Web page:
Former JPMorgan Forex trader fails to secure bail
Akshay Aiyer, a former JPMorgan FX trader, has failed to secure bail pending appeal from his prison sentence for Forex market manipulation. An order signed by Judge John G. Koeltl of the New York Southern District Court on November 11, 2020, denies Aiyer’s motion for bail pending appeal.
The order, seen by FX News Group, says that the Court has considered all of the arguments of the parties. To the extent not specifically addressed, the arguments are either moot or without merit. Importantly, the Court disagreed with the Government that Aiyer presents a flight risk. However, the Court denied the defendant’s motion based on the fact that he has failed to show that his appeal raises a substantial question of law or fact.
Let’s recall that Mr Aiyer challenged his 8-month prison sentence by arguing that the Court erred in precluding substantial evidence that the conduct in which he engaged had no impact on supply and demand and on price. According to him, this evidence went to his state of mind and would have demonstrated to the jury that he lacked criminal intent to manipulate prices.
If, given the nature of the currency market, the charged conduct was not capable of having an anticompetitive effect, then no rational defendant could have intended to try to manipulate prices to reap little or no personal gain, Mr Aiyer said.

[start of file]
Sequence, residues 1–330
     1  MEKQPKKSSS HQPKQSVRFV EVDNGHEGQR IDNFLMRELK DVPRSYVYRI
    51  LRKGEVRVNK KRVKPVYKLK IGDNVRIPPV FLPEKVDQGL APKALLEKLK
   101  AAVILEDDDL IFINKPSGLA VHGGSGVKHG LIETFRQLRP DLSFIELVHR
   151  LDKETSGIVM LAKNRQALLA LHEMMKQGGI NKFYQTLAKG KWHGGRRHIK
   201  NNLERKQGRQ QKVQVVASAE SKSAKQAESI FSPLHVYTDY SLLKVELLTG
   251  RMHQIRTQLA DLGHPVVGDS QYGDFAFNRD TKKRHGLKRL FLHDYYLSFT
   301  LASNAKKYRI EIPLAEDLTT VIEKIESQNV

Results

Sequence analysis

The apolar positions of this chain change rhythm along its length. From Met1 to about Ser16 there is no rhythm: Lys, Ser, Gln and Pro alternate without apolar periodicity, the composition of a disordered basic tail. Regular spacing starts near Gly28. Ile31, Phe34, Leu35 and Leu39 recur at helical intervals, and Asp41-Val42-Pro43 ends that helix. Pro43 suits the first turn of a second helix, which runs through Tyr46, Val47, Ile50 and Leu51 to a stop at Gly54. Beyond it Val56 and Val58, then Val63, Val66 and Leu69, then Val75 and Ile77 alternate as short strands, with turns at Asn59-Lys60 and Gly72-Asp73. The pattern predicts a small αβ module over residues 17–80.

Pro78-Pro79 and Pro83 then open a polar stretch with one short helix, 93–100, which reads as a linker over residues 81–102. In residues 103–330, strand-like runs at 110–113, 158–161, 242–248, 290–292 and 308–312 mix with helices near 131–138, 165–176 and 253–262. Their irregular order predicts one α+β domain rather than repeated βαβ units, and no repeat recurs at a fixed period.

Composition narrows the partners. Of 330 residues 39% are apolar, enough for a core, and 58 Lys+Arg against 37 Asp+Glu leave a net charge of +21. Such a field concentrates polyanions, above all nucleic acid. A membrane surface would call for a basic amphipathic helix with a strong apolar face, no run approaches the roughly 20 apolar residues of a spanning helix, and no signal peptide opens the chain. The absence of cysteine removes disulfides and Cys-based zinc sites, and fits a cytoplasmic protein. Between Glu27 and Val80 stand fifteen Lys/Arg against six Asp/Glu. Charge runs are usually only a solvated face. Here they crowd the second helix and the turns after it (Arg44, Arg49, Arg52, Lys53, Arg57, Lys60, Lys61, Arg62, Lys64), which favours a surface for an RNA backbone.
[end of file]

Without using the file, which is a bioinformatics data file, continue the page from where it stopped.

Also, Aiyer has complained about the conditions at the prison facility he has been assigned to. The Bureau of Prisons has assigned Aiyer to Moshannon Valley Correctional Institute (“MVCI”), a privately-run, for-profit prison for non-citizens, located in Moshannon Valley, Pennsylvania.
The defense counsel stressed that the facility is one of a group of 12 such private facilities for non-citizens that have been collectively characterized as having “higher rates of prison violence and reduced access to family and counsel,” “unusually poor” healthcare, overcrowding, and higher rates of solitary confinement, lockdowns, and deaths in custody than comparable BOP institutions.
These arguments, apparently, did not impress Judge Koeltl.